Olga Kirsch

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Olga Kirsch (Hebrew: אולגה קירש‎; 1924 – 1997) was a South African and Israeli poet.

Biography[edit]

Kirsch was born and brought up in Koppies in the Orange Free State, today a part of South Africa. Her father had emigrated there from Lithuania and, though a Yiddish speaker, brought his daughter up to speak English. She nevertheless wrote in Afrikaans, publishing eight books of poetry in that language, as well as a volume of selected poems (she was only the second female Afrikaans poet to be published). Kirsch emigrated to Israel at the age of 24, living there from 1948 until her death.

In 1990, she published her first book of poetry in English. She continued to write in English, and was actively involved with the Israel Association of Writers in English. Though well known as a poet in South Africa, she failed to achieve the same degree of fame in Israel or the English-speaking world.

Her poetry was marked by metre and often by rhyme. In her youth she wrote mainly about the inhumanity of racism, and of her longing for Zion. As she matured, more personal themes became central. She wrote a series of sonnets dedicated to her husband, the mathematician Joseph Gillis. She wrote in mourning of her mother, and of her beloved granddaughter who died at nine years of age. Throughout her writing there are poems on the theme of nature, and the destruction of nature.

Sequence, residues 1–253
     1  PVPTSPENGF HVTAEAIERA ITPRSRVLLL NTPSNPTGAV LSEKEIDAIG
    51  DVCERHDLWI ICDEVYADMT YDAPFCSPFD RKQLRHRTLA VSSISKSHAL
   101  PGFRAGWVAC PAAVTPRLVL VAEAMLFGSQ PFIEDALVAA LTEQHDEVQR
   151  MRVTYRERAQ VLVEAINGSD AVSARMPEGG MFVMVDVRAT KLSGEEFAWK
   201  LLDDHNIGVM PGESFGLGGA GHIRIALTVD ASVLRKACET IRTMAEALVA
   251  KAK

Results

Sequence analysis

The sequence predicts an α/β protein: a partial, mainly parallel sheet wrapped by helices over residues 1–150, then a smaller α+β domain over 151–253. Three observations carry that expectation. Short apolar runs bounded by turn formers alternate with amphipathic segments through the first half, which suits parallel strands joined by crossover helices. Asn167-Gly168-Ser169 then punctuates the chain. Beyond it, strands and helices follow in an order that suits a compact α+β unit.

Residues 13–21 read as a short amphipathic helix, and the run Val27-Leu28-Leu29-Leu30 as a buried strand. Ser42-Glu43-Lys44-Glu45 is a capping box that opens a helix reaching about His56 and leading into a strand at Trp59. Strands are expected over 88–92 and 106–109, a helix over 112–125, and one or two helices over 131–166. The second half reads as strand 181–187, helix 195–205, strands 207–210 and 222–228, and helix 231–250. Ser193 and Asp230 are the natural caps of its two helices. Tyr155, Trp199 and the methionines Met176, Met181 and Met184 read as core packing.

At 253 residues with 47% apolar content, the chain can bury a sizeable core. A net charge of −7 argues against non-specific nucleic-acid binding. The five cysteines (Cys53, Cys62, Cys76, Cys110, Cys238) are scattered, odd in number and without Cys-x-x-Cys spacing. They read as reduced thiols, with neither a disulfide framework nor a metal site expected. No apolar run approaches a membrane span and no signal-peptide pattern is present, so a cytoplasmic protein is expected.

An accomplished linguist, she translated her poetry from Afrikaans into English and Hebrew. When unable to write, she would draw from nature, carve in wood, and embroider. Her sensitivity to nature affected her work in these media as well.

Bibliography[edit]

Year links are to "[year] in poetry" articles:

  • 1948: Mure van die Hart (Johannesburg: Afrikaanse pers boekhandel)
  • 1972: Negentien Gedigte (Kaapstad: Human & Rousseau)
  • 1976: Geil Gebied (Kaapstad: Human & Rousseau)
  • 1978: Oorwinteraars in die Vreemde (Kaapstad: Human & Rousseau)
  • 1982: Afskeide (Kaapstad: Human & Rousseau)
  • 1983: Ruie tuin (Kaapstad: Human & Rousseau)
  • 1990: The Book of Sitrya (Rehovot: O. Kirsch)

External links[edit]